Lawmakers ponder mandatory kindergarten

Lawmakers ponder mandatory kindergarten

(Calif.) A bill gaining momentum in the state Senate aims to make one year of kindergarten mandatory for admittance into first grade starting in the 2016-17 school year; affecting a relatively small amount of children.

The California Department of Education estimates that only 28,000 students enrolled in first grade in the 2011-12 school year – 5.7 percent of all first graders – didn’t attended kindergarten the prior year.

Current law requires everyone between the ages of 6 and 18 attend school full-time, and AB 1444 would maintain that condition of age-eligibility. If approved, this bill would still allow parents to wait to enroll their child in school until age six, but that 6-year-old would have to start in kindergarten – something which opponents say would be detrimental to children.

“Parents who have chosen to delay their child’s entry into formal education due to concern over what is best for their child’s education would be forced to choose between either starting their child’s formal education before they feel it is best, or forcing the student to unnecessarily be in classrooms with younger children than himself for his entire K-12 education,” explained Nathan Pierce of Independent Private Schools of California at a Senate Education Committee hearing last week.

“The final result of graduating an entire year later than the students that are his own age is an embarrassing situation which would impress into any child’s self-esteem,” he said.

Mounting evidence pointing toward the short- and long-term benefits of early education has pushed legislators to begin writing numerous laws regarding quality childcare, pre-kindergarten, transitional kindergarten and full-day kindergarten.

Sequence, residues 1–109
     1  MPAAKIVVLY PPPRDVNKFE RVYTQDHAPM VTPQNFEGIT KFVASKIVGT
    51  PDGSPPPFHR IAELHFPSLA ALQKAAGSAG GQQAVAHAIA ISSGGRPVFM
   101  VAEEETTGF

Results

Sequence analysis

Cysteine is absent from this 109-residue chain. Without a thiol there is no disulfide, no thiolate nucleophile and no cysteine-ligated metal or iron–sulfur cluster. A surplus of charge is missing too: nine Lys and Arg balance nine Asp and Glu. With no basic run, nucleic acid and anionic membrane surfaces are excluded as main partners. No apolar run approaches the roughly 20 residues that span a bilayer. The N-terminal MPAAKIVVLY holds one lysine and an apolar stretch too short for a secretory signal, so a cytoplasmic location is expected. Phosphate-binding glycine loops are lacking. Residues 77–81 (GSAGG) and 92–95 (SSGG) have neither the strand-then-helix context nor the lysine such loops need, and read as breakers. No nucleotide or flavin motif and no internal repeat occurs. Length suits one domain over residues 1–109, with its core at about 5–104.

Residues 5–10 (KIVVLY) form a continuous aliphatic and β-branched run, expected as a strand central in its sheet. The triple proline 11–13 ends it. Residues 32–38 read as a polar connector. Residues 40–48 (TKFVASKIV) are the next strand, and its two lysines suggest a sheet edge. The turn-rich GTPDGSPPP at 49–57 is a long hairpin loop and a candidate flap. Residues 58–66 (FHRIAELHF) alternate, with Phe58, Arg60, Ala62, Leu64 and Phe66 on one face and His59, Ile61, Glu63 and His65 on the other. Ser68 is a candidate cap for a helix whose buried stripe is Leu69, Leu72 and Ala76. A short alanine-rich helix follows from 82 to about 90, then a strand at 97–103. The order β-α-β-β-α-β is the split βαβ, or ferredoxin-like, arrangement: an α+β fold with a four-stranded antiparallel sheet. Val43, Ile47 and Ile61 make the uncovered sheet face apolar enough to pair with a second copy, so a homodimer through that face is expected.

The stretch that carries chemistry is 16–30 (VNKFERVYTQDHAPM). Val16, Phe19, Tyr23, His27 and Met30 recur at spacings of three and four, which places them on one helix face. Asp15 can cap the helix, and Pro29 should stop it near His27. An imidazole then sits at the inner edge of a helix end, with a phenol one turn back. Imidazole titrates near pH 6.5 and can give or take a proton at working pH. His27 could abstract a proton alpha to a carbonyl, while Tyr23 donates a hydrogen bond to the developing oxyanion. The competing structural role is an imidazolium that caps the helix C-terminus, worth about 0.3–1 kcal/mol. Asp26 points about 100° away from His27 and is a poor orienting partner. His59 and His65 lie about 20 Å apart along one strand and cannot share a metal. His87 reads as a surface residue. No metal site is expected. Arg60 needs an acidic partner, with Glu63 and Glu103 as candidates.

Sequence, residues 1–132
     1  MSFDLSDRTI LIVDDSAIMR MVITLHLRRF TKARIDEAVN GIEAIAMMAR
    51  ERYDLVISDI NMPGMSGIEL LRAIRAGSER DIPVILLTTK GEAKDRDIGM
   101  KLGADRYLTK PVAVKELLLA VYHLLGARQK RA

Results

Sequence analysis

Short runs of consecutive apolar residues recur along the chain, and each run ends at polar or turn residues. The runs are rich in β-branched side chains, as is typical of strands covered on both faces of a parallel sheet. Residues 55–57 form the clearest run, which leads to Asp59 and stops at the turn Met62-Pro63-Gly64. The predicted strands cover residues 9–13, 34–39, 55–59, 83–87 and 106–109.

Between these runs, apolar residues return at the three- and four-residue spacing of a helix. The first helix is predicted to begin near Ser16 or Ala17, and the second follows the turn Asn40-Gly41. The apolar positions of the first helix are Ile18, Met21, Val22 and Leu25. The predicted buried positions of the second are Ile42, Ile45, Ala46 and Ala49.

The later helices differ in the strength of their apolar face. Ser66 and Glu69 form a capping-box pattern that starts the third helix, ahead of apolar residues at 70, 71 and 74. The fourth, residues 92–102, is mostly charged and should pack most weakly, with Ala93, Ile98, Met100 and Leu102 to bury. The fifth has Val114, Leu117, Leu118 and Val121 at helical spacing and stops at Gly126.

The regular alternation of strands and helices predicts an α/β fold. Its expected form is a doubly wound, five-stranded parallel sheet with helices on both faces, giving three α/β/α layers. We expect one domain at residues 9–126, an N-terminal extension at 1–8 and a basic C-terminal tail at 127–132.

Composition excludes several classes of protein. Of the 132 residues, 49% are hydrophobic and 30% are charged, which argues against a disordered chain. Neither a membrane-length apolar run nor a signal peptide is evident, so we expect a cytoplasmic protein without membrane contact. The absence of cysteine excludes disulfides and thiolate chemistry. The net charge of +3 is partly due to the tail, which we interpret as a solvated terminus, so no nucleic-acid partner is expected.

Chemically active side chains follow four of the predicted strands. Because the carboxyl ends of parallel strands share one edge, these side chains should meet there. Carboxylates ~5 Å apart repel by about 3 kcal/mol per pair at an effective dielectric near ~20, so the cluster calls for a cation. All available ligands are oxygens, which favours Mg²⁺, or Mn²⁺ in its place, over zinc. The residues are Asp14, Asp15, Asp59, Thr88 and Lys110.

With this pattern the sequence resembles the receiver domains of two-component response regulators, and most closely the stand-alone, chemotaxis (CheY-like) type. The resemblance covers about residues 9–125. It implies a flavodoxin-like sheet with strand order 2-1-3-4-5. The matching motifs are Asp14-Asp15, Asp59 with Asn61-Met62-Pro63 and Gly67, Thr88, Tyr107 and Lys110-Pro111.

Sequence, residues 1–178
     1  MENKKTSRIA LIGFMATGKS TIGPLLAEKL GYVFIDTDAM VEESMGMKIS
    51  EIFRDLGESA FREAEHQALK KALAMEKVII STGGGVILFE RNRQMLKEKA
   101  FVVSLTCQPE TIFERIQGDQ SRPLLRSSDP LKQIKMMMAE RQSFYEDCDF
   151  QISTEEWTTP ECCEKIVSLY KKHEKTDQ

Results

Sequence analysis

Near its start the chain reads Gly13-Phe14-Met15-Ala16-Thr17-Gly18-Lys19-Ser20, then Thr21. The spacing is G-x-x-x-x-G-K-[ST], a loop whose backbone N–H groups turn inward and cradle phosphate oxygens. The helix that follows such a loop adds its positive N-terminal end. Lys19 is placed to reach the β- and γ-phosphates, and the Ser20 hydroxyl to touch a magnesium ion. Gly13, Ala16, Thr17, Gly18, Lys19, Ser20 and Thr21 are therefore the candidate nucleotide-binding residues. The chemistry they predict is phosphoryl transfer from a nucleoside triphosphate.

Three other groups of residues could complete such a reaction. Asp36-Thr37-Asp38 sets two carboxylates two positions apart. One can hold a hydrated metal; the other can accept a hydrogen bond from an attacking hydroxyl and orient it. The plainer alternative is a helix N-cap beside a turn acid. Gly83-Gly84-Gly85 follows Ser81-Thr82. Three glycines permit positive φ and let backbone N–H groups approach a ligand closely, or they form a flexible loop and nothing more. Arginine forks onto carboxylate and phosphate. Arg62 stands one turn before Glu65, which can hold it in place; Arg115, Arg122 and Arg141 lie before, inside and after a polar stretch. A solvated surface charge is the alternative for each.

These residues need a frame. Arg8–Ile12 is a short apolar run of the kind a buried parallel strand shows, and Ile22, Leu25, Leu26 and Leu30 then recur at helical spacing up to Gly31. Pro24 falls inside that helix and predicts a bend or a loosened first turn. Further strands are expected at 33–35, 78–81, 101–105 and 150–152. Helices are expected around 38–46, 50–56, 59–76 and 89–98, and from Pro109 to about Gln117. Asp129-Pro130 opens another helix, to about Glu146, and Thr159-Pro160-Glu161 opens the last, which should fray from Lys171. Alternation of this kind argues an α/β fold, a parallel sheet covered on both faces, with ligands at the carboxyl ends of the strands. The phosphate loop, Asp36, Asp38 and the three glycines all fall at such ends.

One highlight of the 2014-15 budget signed by Gov. Jerry Brown Friday is an added $264 million dedicated to aiding and expanding those programs.

“We know that early childhood education is critical to student success,” said Assemblywoman Joan Buchanan, D-Alamo, the bill’s author, during the same hearing. “Children who attend kindergarten are better prepared academically and socially for first grade.”

Despite the fact kindergarten is considered a grade level, attendance is not mandatory. Yet the CDE estimates that between 90 and 95 percent of eligible students attend kindergarten.

Though opponents to the bill say flexibility needs to remain for those individuals who choose not to attend kindergarten, Buchanan maintained that those children would fall behind if they began their schooling in first grade, especially with the continued roll out of the new Common Core standards.

“For children who have not attended pre-school, kindergarten is where they learn how to hold a pencil properly, follow directions and sit still, in addition to beginning reading and math skills,” she said. “The new Common Core standards have academic expectations for kindergarten students, and if children don’t attend they begin first grade behind, and often finish high school behind, if they finish at all.”

According to a staff analysis, adding those children not currently attending kindergarten into the average daily attendance would cost the state approximately $123.3 million in ongoing general fund and Proposition 98 costs.

The bill passed the Senate Education Committee with a 5-2 vote but still needs approval from the Appropriations Committee before it can be considered by the whole Senate.

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